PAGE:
Today, Tea is the most popular drinking stuff in Vietnam. And of course, it is my favorite, too.
Cheap, simple, and highly mobilized, teashops are available at any street corner in Hanoi. You just need a teapot, glasses, plastic seats, a space, and then ready to run your own business, one of the most sociable jobs in the world.
As far as the memory of my grandmother’s generation, who was born in the late 1910s, tea already had significant role to play in the turn of the 20th century, culturally speaking. For wedding gifts or funeral events, tea is indispensible, of course, with Areca nuts and Betel.
I tried to come through some early materials, such as this documentary of a wedding ceremony, recorded by French sometime in the early 20th century.
However, I have not noted the use of tea of that much, at least in the rural area. So maybe I better check other earlier written sources, such as Pham Dinh Ho’s Vu Trung Tuy But (雨中隨筆: Following the Brush Amid the Rains), which for me unfortunately is beyond reach at the moment.
What I have, however, is an imperial record dated on the 18th day, 1st month of the Gia Long’s 5th year (1806) in which the court ordered General commander of the Northern citadel (Tổng trấn Bắc thành) to buy 1 or 2 can (600 grams to 1200 grams) of high quality Northern Tea (Chinese tea) and sent back to the capital city of Hue.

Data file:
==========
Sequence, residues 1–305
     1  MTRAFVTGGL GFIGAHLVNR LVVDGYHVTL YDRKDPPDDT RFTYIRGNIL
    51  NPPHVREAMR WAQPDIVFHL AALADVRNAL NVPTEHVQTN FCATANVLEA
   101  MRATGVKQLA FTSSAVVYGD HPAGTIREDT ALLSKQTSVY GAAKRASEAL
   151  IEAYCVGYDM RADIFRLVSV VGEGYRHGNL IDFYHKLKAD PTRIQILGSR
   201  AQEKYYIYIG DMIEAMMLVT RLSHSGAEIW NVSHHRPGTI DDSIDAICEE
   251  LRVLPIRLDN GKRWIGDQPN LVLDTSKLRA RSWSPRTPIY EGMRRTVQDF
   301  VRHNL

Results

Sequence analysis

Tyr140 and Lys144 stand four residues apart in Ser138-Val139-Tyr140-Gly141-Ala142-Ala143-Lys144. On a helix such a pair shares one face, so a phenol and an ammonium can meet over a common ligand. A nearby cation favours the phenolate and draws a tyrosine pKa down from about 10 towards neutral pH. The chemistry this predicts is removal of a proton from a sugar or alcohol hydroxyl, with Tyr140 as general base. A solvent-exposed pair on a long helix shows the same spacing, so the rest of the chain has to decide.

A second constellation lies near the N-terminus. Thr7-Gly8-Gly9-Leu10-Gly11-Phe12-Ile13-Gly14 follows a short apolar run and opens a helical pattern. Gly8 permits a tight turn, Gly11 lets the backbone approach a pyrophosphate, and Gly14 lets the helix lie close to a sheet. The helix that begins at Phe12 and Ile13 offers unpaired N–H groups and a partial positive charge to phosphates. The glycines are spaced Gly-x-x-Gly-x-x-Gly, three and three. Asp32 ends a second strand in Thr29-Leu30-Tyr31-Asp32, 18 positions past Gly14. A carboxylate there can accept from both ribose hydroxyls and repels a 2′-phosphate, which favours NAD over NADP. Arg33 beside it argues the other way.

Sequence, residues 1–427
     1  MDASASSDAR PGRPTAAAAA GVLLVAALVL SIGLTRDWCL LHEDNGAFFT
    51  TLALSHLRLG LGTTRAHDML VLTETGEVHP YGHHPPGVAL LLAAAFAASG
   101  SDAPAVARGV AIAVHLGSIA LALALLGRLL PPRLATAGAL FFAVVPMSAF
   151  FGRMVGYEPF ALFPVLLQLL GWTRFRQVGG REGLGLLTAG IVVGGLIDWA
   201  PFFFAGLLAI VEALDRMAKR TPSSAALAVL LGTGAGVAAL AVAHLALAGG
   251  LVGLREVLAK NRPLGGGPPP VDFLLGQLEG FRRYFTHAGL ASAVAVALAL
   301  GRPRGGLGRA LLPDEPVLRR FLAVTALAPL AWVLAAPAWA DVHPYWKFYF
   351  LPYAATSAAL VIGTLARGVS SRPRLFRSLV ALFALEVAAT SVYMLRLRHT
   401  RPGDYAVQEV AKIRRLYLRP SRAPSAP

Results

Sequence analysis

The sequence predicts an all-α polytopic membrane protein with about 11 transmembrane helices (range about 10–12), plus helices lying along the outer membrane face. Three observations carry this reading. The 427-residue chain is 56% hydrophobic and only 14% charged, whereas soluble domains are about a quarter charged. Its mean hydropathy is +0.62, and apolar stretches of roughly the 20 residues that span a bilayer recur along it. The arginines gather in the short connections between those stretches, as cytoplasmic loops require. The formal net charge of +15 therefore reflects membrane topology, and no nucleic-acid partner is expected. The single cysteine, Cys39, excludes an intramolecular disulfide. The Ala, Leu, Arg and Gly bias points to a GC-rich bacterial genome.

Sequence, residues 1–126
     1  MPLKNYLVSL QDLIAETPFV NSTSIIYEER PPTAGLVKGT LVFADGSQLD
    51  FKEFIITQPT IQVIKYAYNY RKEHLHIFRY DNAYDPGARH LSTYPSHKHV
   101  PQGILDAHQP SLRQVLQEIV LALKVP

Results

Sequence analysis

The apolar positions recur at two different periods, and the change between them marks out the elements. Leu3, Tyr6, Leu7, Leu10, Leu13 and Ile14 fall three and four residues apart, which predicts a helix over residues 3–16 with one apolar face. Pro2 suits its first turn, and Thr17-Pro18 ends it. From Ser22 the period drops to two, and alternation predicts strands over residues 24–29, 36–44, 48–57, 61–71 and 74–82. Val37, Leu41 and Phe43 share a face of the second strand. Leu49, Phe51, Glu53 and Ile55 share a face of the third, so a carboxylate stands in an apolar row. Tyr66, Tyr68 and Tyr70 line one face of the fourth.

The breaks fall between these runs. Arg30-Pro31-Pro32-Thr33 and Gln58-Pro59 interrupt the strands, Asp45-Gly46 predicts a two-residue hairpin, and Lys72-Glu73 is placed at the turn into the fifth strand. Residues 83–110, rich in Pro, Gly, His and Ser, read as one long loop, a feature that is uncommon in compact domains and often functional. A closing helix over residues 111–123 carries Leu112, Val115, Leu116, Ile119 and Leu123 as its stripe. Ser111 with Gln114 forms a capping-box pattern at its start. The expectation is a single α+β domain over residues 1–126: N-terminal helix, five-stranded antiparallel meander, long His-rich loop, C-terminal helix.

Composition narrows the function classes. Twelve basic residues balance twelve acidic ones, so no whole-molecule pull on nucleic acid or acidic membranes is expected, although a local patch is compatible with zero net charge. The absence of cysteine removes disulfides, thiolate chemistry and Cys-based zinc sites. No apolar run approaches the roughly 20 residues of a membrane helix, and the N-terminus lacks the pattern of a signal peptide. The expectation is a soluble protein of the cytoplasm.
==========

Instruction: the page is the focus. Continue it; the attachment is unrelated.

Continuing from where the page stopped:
From that Hue’s day in 1806 to the 1960s, tea drinking became increasingly popular, and mountains in northern Vietnam soon became the hub of tea production.
So what just happened during the colonial period? Does the French colonialism have a role to play like what it did with Phở and Bánh mì? Unlike the British, France is not a tea-drinking nation. Another possibility one can think of, is the introduction of tea plantations under the French projection just the same manner did the Dutch in East Indies. Records show that in 1684 the first tea was planted on Java by the Dutch using seeds obtained from Japan for the China tea bush cultivar. Scholarship on the field has done quite a lot on emerging of rubber and café plantations under the colonial economic projects, but none devoted to tea.
It must have gone through an extraordinary adventure, from an upper-class drink to the infusion of every class in the middle of the 20th century, and participated in making an essential cultural and social aspect of the modern Vietnamese daily life?
Now, it is the time for me to have a nice cup of tea.